Harper's Encyclopedia of United States History (ed. Benson Lossing), Antietam, battle of. (search)
Antietam, battle of. After the surrender of Harper's Ferry, Sept. 15, 1862. Lee felt himself in a perilous position, for General Franklin had entered Pleasant Valley that very morning and threatened the severance of his army. Lee at once took measures to concentrate his forces. He withdrew his troops from South Mountain and took position in the Antietam valley, near Sharpsburg, Md. Jackson, by swift marches, had recrossed the Potomac and joined Lee on Antietam Greek. When the Confederach a storm of artillery that they, in turn, fell back to their original position. Sedgwick, twice wounded, was carried from the field, and the command of his division devolved on Gen. O. O. Howard. Generals Crawford and Dana were also wounded. Franklin was sent over to assist the hard-pressed Nationals. Forming on Howard's left, he sent Slocum with his division towards the centre. At the same time General Smith was ordered to retake the ground on which there had been so much fighting, and it
Harper's Encyclopedia of United States History (ed. Benson Lossing), Arctic exploration. (search)
ly as far as 70° 45′. In 1817 Captain Ross and Lieutenant Parry sailed for the polar sea from England; and the same year Captain Buchan and Lieutenant (Sir John) Franklin went in an easterly direction on a similar errand, namely, to reach the north pole. At this time the chief object of these explorations was scientific, and not commercial. Buchan and Franklin went by way of Spitzbergen; but they only penetrated to 80° 34′. Ross and Parry entered Lancaster Sound, explored its coasts, and Ross returned with the impression that it was a bay. Parry did not agree with him in this opinion, and he sailed on a further exploration in 1819. He advanced farther ion, for they had passed the 110th meridian. There they were frozen in for about a year. Parry sailed again in 1821. Meanwhile an overland expedition, led by Franklin, had gone to co-operate with Parry. They were absent from home about three years, travelled over 5,000 miles, and accomplished nothing. They had endured great <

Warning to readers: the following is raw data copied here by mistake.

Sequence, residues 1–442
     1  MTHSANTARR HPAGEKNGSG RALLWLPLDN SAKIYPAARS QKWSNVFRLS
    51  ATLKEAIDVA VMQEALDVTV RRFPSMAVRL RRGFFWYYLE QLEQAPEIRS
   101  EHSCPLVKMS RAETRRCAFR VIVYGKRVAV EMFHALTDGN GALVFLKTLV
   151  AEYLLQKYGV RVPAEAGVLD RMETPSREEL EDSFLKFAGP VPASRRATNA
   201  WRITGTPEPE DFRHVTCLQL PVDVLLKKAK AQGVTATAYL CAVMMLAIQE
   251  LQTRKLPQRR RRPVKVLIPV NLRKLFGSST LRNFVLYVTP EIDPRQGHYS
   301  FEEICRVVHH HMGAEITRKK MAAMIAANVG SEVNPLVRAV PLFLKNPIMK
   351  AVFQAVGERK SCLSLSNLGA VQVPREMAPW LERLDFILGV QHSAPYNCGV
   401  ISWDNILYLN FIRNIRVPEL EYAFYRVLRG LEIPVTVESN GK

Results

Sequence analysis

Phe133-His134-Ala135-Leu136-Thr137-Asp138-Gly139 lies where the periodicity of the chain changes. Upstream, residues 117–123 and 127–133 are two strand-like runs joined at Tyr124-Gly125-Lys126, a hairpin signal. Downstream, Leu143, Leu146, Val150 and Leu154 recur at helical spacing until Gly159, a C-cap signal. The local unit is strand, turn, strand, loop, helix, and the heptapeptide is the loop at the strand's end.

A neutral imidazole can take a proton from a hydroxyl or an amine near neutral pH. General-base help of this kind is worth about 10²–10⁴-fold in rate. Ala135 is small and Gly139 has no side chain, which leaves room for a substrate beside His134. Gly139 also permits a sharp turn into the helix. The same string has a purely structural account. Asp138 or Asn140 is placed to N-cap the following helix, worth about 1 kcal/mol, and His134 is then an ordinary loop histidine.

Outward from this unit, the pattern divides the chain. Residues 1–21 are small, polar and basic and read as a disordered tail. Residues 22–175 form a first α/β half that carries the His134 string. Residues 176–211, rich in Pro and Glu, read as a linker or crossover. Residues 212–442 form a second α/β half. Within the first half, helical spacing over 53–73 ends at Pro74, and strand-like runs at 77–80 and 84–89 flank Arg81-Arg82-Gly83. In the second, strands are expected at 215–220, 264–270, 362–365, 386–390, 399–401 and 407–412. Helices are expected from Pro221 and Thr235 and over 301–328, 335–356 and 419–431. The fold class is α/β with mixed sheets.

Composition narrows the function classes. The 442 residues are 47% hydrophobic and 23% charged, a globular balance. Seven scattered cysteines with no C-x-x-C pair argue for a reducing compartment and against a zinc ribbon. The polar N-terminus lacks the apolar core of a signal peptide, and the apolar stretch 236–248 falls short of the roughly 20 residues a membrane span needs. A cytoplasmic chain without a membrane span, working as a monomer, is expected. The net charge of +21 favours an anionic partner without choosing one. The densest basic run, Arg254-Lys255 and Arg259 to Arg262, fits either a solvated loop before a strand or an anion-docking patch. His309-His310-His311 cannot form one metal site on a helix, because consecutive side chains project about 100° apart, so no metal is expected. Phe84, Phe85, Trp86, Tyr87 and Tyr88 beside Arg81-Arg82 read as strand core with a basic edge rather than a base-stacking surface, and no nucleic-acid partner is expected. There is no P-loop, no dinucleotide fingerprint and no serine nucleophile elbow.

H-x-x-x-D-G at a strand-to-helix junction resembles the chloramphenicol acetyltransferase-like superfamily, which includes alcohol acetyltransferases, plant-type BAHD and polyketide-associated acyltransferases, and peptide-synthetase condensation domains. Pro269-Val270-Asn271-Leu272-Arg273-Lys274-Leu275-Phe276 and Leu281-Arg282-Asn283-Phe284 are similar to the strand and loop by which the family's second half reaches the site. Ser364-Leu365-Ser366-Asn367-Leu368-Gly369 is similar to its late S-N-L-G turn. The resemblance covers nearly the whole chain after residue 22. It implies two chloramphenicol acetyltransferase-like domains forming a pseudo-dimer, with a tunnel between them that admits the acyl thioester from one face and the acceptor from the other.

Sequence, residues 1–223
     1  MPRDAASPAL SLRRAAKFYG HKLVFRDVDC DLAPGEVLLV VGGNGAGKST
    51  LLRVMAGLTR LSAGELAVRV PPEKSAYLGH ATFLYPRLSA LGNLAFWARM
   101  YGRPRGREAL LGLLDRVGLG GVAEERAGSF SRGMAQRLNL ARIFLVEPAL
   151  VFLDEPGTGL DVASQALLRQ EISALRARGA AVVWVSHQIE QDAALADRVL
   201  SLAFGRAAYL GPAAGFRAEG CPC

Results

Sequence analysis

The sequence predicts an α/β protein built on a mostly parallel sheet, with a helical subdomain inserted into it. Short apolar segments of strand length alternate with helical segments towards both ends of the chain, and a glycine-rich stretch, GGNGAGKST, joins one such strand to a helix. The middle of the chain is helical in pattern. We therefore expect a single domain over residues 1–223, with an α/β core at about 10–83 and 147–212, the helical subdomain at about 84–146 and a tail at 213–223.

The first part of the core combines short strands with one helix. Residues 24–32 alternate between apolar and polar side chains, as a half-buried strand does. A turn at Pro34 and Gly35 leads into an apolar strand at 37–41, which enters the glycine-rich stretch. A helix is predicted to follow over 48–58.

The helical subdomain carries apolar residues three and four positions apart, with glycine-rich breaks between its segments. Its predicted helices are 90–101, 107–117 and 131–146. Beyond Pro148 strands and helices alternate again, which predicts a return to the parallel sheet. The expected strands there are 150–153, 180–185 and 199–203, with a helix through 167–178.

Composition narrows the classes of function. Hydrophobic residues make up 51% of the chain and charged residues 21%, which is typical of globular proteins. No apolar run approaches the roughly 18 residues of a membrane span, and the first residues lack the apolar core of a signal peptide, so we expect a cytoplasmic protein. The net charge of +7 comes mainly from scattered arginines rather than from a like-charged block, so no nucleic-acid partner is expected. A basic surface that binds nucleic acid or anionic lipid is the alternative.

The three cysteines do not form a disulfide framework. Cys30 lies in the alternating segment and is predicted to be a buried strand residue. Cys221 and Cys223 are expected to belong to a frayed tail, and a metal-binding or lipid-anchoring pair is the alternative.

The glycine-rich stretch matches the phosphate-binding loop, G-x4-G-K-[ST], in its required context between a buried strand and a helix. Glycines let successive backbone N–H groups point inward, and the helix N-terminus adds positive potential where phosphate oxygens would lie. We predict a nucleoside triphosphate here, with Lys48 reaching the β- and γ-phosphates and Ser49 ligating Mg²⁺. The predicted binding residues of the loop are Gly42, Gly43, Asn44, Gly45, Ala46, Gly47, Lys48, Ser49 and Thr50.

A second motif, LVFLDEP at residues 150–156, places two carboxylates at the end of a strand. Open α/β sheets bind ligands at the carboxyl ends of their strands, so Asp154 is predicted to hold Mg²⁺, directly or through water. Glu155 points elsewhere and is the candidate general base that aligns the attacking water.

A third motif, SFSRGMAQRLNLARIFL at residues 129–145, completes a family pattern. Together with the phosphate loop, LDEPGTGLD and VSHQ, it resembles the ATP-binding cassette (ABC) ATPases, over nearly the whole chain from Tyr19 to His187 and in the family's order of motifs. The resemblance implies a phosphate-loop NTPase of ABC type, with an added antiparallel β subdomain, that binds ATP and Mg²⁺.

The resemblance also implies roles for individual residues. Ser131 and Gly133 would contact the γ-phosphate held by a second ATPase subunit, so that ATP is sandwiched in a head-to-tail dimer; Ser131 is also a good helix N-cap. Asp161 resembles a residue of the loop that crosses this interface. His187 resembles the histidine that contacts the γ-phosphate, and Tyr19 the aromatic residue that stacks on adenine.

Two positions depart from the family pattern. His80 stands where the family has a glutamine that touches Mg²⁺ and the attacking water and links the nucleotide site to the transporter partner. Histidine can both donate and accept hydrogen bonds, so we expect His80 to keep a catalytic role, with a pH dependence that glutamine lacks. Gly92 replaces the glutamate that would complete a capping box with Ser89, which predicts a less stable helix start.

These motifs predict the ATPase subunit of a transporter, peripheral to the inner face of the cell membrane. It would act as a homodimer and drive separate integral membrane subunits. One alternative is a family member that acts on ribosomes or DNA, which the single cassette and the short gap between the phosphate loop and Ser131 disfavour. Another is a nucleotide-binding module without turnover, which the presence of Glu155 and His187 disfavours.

Harper's Encyclopedia of United States History (ed. Benson Lossing), Bache, Sarah, 1744- (search)
Bache, Sarah, 1744- Philanthropist; born in Philadelphia, Pa., Sept. 11, 1744; daughter of Benjamin Franklin and wife of Richard Bache; was distinguished throughout the Revolutionary War for her efforts to relieve the condition of the American troops, collecting money, prchasing medicines and other supplies, and directing nearly 3,000 women in the work of making clothing and other necessities for the army. She also performed valuable service in the hospitals as a nurse. She died Oct. 5, 1808.
Harper's Encyclopedia of United States History (ed. Benson Lossing), Bancroft, Edward, 1744-1820 (search)
) when the latter was a school-master. His early education was not extensive. Apprenticed to a mechanic, he ran away, in debt to his master, and went to sea; but returning with means, he compensated his employer. Again he went to sea; settled in Guiana, South America, as a physician, in 1763, and afterwards made his residence in London, where, in 1769, he published a Natural history of Guiana. He became a Fellow of the Royal College of Physicians, and Fellow of the Royal Society. While Franklin was in England on a diplomatic mission, Dr. Bancroft became intimate with him; and through the influence of the philosopher became a contributor to the philosopher became a contributor to the Monthly review. He was suspected by the British government of participation in the attempt to burn the Portsmouth dock-yards, and he fled to Passy, France. Soon afterwards he met Silas Deane, his old teacher, in Paris. and offered to assist him in his labors as agent of the Continental Congress. Hi
Harper's Encyclopedia of United States History (ed. Benson Lossing), Barker, Jacob, -1871 (search)
Barker, Jacob, -1871 Financier; born on Swan Island, Kennebec co., Me., Dec. 7, 1779; was of a Quaker family, and related by blood to the mother of Dr. Franklin. He began trade in New York when quite Jacob Barker. young, and at twenty-one he owned four ships and a brig, and was largely engaged in commercial transactions. As a State Senator, and while sitting in the Court of Errors, he gave an opinion in an insurance case in opposition to Judge Kent, and was sustained by the court. During the War of 1812 his ships were all captured. Being in Washington, D. C., during its sack by the British (August, 1814), he assisted Mrs. Madison in saving Stuart's portrait of Washington, then hanging in the President's house, which was set on fire a few hours later. Barker was a banker, a dealer in stocks, and a general and shrewd financier for many years. He finally established himself in New Orleans in 1834, where he was admitted to the bar as a lawyer, and soon became a political and
1 2 3 4 5 6 ...